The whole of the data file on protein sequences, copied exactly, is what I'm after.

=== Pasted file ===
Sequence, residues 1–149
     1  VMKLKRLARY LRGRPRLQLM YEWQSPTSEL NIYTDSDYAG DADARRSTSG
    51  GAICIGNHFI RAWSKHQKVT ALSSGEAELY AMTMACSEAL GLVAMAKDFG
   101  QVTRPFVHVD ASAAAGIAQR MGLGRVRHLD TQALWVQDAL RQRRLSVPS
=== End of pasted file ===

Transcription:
Sequence, residues 1–149
     1  VMKLKRLARY LRGRPRLQLM YEWQSPTSEL NIYTDSDYAG DADARRSTSG
    51  GAICIGNHFI RAWSKHQKVT ALSSGEAELY AMTMACSEAL GLVAMAKDFG
   101  QVTRPFVHVD ASAAAGIAQR MGLGRVRHLD TQALWVQDAL RQRRLSVPS